will be your duty, when the case is submitted to you, to determine from
the evidence admitted for your consideration, applying thereto the rules
of law contained in the instructions given by the court, whether or
not the defendant is guilty of the offense as charged.
a simplified version, and notice how quickly it gets to the point:
duty is to determine whether the defendant is guilty of the offense
charged. You must do this by applying the law contained in these instructions
to the evidence admitted for your consideration.
sentences: Complex, convoluted constructions go hand in hand with long
sentences. When your high-school English teacher told you that each sentence
should contain a single thought, he or she was giving sound, if simplistic,
advice. You know from mind-numbing experience that 200-word sentences
are endemic in legal writing. All are harder to read than need be.
now you should be getting a fix on the enemy; on the other hand, you may
be wondering whether legalese really is the enemy. I mean, isn’t legalese
a necessary evil? Aren’t legal terms of art a shorthand that actually
makes it easier for lawyers to communicate with each other? Surely, our
good professors wouldn’t make us work these verbal Chinese puzzles if
it weren’t necessary.
may indeed be a necessary evil, depending on what you mean by ‘‘necessary.’’
If you mean that legalese is necessary because your boss will berate you
or your law professor will lower your grade if you refuse to use it, you
may be right. In the same sense, bosses and law professors are necessary
is legalese necessary for purposes other than reinforcing the prejudices,
and quieting the fears, of your ‘‘superiors’’? The answer is yes (rarely)
and no (usually). Yes, terms of art are useful under some circumstances.
Res ipsa loquitur is a time-saving shorthand for the concept it
represents, as is proximate cause. But terms of art are harmful,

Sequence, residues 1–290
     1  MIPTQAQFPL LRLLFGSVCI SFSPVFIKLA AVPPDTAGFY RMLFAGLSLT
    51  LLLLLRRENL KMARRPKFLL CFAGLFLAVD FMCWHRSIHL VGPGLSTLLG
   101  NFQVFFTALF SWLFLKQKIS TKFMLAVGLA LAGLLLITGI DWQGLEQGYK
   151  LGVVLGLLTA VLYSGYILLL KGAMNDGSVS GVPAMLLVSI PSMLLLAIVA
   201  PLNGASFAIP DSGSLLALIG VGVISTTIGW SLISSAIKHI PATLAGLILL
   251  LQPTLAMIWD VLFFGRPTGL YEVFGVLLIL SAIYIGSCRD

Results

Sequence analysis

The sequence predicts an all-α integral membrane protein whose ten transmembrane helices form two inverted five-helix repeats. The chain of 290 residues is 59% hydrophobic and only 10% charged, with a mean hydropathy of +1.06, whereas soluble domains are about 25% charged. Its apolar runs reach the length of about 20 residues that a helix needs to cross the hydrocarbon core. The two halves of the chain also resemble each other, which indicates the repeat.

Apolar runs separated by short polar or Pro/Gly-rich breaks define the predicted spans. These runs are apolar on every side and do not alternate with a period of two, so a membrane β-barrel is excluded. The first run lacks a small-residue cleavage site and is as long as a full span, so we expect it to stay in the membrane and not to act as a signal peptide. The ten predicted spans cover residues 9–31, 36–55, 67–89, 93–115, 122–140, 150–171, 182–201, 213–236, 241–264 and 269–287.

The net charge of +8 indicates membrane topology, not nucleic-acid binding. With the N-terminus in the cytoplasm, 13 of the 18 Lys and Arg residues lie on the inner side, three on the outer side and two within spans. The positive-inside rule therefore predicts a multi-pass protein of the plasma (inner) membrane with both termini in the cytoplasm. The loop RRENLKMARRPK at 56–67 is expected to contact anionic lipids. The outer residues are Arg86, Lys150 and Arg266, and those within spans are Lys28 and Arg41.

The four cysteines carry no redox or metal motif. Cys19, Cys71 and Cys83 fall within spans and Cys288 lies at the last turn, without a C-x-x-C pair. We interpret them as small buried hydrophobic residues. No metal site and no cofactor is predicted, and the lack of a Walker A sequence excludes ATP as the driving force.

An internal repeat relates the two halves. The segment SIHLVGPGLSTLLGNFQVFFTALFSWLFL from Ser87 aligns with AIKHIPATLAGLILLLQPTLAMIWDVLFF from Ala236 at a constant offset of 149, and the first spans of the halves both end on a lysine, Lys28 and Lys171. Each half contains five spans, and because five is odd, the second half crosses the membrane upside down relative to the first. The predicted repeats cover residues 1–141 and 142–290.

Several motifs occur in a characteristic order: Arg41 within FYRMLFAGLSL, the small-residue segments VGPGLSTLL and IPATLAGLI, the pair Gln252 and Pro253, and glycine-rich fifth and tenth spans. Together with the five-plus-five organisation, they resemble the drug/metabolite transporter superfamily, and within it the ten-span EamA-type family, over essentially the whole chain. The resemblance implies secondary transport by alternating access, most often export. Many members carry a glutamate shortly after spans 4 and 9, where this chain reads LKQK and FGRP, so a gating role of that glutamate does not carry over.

not useful, in consumer contracts and other documents designed for public
consumption. The lawyer’s shorthand is the public’s gobbledygook.
important, terms of art, which are sometimes useful, do less to impede
comprehension than the long strings of archaic phrases or tortuous sentences
for which there is no excuse. Tangled sentences are not a shorthand
for anything. They waste time and cause confusion, which in turn causes
needless litigation. Antiquated formalisms are similarly useless. To use
Professor David Mellinkoff’s example, there is no rational justification
for writing ‘‘in consideration of the agreements herein contained, the
parties hereto agree’’ instead of ‘‘we agree.’’
are reasons for these affronts to good English, of course. For example,
archaic formalisms are frozen into legal prose by the inherent conservatism
of the legal process. When a judge upholds the words of a contract, those
words become winners. Cautious lawyers will choose them time and again
over untested words, even though the ‘‘winning’’ words fell from common
usage centuries ago.
legal drafters, you will have to live with these reasons, just as you
must live with bosses and law professors and judges. More than most writers,
lawyers must be sensitive to the needs of their varied readers and must
learn to write for their audience. I’m simply asking that you put up with
as little legalese as you can. If your boss won’t let you draft contracts
in standard English, at least don’t write client letters in legalese.
At least don’t permit yourself to write some 300-word boa constrictor
of a sentence—and if your boss makes you do that, get a new boss.
Finally, when you become the boss, create an environment in which
standard English flourishes. You will be rewarded many times over.
so? you ask. Why, now that you’ve gone through or are going through such
agony to learn legalese, should you join the crusade to revise it into
something that approximates standard English? (Incredibly, legalese does
have its defenders.)
are many reasons for casting arms against bad legal writing, including
the hardship that legalese works on laypeople who must interpret it and
the damage it does to our profession’s already tarnished image. But if
you’re persuaded by no other reason, consider this: legalese will continue
to waste your time and energy even after law school, and your time will
be more valuable then, at least in monetary terms. Translating legalese
may get easier, but ‘‘easier’’ is a comparative adjective—easier than
what? Easier than stirring concrete with your eyelashes, maybe. Maybe.
Stay angry. Stay tuned.
article originally appeared in the Student Lawyer.